You’re probably overwhelmed with ornate and wonderful guitars from Day 7…so now we’ll relax at some ornate and wonderful churches the next morning.
Day 8 was going to be a big deal – unbeknown to me, I was going to be giving a talk about harp guitars at a special “meeting” and exhibition that Franco had arranged. I quickly did an outline, including musical terms, for our translator Sylvia, so she could try to prepare (I, of course, would ignore my notes and wing it as usual).
We were told to just show up later in the afternoon, and that Franco and staff at the hotel had everything under control. So we had the whole morning to ourselves. We took off from the hotel, wandering at random through the warren of major, minor and barely passable thoroughfares of the city. I forget what day of the week we’re on, but it wasn’t Sunday, as the churches were largely empty.
This was one of our favorite buildings (and a well-known city landmark) which we saw multiple times (I don’t think we ever got in). St. Lorenzo’s Church, dating back to the 9th century (though being rebuilt and added to over the centuries).
I forget the significance of the black and white marble “stripe” construction…something to do with declaring one’s neutrality?
The steps are a popular hangout
A loitering lion, in remarkable shape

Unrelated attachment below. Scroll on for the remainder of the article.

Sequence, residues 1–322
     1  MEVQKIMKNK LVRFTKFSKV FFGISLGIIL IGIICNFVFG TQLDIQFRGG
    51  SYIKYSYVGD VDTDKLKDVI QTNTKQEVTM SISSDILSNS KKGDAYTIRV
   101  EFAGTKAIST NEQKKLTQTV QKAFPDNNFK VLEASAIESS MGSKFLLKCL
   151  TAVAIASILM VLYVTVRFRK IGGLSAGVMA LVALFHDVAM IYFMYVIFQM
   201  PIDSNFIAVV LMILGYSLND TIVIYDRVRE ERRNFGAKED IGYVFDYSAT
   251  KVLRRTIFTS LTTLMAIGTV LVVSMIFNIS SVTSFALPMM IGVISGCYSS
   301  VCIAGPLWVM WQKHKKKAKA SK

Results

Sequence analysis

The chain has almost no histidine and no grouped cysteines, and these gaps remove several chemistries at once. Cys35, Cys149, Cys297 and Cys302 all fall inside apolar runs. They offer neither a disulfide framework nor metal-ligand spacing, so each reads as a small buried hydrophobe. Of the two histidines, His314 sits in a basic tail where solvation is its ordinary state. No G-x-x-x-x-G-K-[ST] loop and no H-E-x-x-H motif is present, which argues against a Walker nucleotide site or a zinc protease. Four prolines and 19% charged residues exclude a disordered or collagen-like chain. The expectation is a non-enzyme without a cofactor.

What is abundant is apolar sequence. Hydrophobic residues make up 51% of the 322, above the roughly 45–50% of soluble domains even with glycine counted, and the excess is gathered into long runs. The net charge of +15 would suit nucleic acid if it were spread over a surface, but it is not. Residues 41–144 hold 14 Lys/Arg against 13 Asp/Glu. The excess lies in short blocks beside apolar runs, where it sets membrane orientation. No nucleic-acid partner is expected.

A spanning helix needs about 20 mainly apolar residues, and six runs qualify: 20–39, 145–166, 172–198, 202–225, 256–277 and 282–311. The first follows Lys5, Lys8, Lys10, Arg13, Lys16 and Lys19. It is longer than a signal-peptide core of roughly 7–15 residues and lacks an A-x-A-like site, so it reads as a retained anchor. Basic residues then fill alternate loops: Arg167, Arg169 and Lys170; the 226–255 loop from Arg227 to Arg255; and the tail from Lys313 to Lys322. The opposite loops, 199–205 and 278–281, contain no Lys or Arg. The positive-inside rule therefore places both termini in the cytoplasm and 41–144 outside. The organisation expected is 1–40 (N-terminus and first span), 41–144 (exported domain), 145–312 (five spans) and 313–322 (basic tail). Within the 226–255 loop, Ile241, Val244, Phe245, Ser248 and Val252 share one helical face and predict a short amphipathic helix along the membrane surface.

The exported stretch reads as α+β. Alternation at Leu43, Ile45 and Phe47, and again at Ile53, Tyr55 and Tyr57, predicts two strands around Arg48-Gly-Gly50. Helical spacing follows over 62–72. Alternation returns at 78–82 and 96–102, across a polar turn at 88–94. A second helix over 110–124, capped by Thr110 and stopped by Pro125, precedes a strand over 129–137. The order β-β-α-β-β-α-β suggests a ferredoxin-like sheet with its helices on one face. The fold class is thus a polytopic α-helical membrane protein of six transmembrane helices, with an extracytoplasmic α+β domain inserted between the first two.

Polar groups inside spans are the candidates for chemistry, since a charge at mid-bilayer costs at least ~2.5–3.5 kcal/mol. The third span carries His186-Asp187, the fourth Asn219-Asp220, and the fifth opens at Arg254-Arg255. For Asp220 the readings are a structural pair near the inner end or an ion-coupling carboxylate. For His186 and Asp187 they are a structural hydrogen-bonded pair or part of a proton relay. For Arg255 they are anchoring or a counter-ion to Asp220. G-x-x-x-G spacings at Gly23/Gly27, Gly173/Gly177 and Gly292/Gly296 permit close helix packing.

We had been told by our guide Sylvia to try to peek inside this next building, the Church of the Gesù, which was originally locked when she took us there. On this morning as we strolled by, we spotted a guided tour just entering, so we tagged along at the rear.
The doors suggested nothing too extravagant
Inside was another matter
Certainly the most outrageously decadently decorated Roman Catholic church I’ve ever seen. This goes back to the 1500s. Along the way, columns, carvings, frescoes, etc were created by the finest Italian artists. Later, 2 Rubens paintings were added.
The old Genoese wealth is apparent in every nook and cranny
Breathtaking, as in “overwhelming”
Restoration continues, but seemed 90% complete
Looking back at the organ pipes
It was hard to fathom and take in, and we didn’t want to leave. But it was time to find some lunch, and change clothes for the afternoon event.
Next week: Genoa’s one-day, first-ever public Harp Guitar Exhibit!